Interview Date: 02/04/2011
Run Date: 02/18/2011
You may recognize Fred Melamed from his role as Sy Ableman in the Coen brothers’ “A Serious Man.” Similarly, if Lonny Ross looks familiar, it’s probably because you’ve seen him on “30 Rock.” Put the two of them together, cast the former as an angry old man and the latter as a gay teenage runaway, and you’ve got one of the newest additions to Atom.com’s ever-increasing lineup of web series: “Angry Old Man & Gay Teenage Runaway.” (What, like they were going to call it “The Odd Couple 2011”?) Bullz-Eye had a chance to chat with Ross and Melamed about this new collaboration, as well as the aforementioned projects from their individual resumes and a few upcoming endeavors in the pipeline
Bullz-Eye: Well, I got to check out a couple of episodes of “Angry Old Man and Gay Teenage Runaway.” Good fun.
Lonny Ross: (Laughs) “Good fun.” That’s what we’re going for. Good, wholesome American fun.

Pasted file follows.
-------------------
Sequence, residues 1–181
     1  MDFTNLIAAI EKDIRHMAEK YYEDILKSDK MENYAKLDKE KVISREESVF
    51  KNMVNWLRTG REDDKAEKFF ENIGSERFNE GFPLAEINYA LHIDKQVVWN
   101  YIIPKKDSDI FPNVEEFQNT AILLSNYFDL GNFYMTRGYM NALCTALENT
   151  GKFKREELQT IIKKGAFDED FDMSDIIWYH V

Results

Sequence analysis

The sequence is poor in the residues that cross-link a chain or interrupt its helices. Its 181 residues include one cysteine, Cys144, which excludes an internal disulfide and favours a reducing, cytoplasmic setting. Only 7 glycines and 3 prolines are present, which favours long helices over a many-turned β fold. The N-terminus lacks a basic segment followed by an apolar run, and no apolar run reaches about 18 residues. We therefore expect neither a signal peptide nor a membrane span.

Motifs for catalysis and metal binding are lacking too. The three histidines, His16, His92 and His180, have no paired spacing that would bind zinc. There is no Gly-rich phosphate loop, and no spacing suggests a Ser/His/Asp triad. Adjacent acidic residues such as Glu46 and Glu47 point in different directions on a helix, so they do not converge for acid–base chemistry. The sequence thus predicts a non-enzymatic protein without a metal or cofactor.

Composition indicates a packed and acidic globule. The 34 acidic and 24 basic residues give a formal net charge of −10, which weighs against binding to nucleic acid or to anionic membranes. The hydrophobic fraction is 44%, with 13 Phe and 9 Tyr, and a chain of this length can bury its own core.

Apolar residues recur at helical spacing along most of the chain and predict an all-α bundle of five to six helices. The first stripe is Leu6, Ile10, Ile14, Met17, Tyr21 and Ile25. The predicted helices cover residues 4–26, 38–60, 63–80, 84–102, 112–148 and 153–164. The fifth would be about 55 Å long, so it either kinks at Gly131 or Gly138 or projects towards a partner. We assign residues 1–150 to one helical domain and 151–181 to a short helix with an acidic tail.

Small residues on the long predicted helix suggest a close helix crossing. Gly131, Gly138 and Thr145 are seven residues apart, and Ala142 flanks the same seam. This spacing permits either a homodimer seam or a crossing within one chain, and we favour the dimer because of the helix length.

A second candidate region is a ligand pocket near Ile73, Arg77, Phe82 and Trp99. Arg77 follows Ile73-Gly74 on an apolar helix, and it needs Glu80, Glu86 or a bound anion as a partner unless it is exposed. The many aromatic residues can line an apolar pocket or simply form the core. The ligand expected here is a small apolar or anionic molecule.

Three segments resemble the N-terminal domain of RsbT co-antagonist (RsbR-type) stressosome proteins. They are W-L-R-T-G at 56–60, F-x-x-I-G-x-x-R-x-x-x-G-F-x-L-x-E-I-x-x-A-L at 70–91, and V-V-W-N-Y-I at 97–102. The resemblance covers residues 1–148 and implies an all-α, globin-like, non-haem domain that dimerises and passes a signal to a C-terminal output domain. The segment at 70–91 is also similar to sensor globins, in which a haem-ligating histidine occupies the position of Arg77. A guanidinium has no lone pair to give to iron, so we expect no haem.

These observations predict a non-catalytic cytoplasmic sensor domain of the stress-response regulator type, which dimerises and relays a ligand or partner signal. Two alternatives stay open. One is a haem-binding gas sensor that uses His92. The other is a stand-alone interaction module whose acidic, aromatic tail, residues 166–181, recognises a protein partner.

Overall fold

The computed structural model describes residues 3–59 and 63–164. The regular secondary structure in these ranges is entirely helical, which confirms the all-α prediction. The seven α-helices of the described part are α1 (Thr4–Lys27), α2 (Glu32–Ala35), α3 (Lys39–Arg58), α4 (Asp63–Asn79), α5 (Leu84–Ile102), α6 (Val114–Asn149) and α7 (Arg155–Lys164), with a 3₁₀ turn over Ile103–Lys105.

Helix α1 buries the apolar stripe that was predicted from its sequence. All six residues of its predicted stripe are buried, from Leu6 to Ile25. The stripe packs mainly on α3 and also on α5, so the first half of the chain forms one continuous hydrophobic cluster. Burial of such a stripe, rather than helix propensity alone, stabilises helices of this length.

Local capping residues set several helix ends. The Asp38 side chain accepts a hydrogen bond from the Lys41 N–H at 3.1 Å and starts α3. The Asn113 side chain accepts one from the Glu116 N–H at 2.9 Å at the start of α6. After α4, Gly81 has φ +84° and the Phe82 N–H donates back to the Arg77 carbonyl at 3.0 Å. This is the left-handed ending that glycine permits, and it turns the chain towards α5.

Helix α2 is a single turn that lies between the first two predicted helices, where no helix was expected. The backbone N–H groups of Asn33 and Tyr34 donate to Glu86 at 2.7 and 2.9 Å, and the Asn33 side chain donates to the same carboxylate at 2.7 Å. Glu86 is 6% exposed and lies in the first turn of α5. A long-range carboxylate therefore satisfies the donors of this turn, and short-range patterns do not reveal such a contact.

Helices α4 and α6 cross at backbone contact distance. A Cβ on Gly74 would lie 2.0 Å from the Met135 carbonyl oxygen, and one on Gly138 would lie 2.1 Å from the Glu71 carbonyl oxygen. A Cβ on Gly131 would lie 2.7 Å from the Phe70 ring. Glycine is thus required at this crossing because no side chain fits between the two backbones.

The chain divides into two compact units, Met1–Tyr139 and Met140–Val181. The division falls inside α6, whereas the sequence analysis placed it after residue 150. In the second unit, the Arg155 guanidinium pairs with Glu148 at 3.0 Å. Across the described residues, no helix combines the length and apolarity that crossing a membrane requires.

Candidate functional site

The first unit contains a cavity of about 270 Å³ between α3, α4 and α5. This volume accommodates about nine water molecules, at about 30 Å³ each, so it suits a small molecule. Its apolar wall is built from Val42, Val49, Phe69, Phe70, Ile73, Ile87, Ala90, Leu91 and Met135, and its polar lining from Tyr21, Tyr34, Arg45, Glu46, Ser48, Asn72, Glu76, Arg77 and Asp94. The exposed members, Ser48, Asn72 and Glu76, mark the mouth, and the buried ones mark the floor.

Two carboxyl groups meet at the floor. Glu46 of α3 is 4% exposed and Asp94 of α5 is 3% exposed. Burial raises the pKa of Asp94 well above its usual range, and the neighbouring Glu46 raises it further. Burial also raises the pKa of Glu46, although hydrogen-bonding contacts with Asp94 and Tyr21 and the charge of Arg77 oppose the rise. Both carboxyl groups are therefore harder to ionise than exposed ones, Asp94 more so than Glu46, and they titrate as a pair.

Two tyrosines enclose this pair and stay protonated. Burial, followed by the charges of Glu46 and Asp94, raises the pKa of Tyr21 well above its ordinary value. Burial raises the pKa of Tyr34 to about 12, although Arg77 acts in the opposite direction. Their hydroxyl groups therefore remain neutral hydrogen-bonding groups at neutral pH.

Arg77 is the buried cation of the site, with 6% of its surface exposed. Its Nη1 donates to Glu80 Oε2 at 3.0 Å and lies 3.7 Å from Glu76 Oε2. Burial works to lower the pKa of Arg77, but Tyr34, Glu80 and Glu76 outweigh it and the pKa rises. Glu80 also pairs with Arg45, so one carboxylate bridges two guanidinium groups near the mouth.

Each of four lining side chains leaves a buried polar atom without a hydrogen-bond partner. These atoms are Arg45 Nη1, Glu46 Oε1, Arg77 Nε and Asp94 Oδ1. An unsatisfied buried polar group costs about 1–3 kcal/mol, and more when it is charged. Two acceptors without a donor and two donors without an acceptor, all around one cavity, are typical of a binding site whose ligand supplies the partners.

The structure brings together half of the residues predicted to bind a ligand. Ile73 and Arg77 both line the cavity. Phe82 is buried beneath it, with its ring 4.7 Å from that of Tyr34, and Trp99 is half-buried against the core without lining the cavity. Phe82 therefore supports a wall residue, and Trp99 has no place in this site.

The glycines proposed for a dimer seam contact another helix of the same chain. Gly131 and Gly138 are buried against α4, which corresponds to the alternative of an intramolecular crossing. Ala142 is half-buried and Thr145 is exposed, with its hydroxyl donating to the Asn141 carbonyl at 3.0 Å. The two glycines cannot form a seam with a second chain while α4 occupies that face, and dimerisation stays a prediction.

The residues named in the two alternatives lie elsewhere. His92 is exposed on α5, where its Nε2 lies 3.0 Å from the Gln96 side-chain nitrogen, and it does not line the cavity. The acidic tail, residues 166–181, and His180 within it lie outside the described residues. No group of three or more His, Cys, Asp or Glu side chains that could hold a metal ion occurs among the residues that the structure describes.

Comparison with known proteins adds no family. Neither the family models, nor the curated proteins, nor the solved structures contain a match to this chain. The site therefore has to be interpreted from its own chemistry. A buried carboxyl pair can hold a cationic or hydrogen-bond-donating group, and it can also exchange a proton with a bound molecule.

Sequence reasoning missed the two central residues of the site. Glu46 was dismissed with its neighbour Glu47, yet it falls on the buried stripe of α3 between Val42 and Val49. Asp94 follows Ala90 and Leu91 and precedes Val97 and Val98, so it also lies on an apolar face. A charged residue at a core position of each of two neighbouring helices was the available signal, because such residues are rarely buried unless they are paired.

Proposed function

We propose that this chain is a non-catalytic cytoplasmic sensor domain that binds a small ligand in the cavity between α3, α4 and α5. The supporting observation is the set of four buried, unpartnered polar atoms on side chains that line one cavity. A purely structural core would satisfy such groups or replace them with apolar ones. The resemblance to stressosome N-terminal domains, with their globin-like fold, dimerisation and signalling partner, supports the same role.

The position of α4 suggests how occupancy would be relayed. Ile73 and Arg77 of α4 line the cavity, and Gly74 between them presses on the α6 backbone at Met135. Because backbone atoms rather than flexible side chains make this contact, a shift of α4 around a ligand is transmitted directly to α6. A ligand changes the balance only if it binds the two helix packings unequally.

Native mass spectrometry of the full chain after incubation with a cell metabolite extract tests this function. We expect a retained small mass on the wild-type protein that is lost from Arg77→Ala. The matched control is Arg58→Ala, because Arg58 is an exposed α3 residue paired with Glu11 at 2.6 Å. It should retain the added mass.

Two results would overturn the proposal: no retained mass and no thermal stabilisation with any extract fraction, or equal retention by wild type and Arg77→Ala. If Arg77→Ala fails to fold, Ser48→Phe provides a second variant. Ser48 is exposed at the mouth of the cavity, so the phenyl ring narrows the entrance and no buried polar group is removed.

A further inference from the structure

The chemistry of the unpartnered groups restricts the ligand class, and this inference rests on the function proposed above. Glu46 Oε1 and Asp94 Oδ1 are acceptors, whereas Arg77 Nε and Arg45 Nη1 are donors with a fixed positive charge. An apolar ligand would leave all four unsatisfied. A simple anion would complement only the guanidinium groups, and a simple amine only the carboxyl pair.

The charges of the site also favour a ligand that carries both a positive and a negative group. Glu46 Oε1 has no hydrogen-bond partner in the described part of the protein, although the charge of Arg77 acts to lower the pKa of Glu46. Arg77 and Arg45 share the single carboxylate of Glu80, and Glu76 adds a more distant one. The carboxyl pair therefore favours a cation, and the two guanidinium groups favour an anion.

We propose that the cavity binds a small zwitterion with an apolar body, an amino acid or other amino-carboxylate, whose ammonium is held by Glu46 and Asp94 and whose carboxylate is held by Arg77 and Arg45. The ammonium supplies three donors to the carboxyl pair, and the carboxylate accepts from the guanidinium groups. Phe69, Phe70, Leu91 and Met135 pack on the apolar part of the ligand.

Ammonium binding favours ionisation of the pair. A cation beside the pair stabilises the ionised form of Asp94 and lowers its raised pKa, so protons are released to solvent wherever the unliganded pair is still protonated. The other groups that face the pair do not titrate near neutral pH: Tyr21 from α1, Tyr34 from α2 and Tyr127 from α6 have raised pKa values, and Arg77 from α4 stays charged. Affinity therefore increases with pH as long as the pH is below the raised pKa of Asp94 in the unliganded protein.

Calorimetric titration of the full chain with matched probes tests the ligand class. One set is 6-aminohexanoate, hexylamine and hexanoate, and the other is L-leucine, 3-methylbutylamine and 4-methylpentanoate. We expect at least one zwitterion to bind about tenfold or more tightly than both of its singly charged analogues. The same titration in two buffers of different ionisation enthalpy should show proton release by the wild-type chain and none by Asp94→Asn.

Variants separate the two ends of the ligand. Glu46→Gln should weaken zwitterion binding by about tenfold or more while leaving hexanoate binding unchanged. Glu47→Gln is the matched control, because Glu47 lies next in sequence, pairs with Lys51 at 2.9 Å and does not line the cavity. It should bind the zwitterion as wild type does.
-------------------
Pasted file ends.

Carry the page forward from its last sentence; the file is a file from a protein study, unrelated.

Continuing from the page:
BE: I know the series was written and directed by Brennan Shroff, but how did you guys end up on his radar, or vice versa?
LR: Brennan’s an old friend of mine, and…this was an idea that was basically based on a true story, on a conversation I overheard in Bryant Park one day, where this older gentleman behind me was screaming about the Mexican Day parade and how much he hated the parade. He was yelling that Mexicans didn’t pay taxes and didn’t fight in our wars, and…it was kind of troubling to hear, actually. But then this very effeminate voice started kind of doing a point-counterpoint with him, trying to talk him down, and…it was just this conversation of two people talking about their opinion on a topic, but with neither listening to the other nor absorbing the information. (Laughs) Basically, I was so fascinated with the idea of how those two people met and started talking to each other that I just envisioned this thing where they sat down and did this every day. So I took it to Brennan, who’s a friend of mine, and we just kind of developed the idea of who they would be and what their daily lives would be. And we were lucky enough to get Fred onboard to play the angry character, and…it just kind of came from there. But, yeah, I’m an old friend of Brennan’s.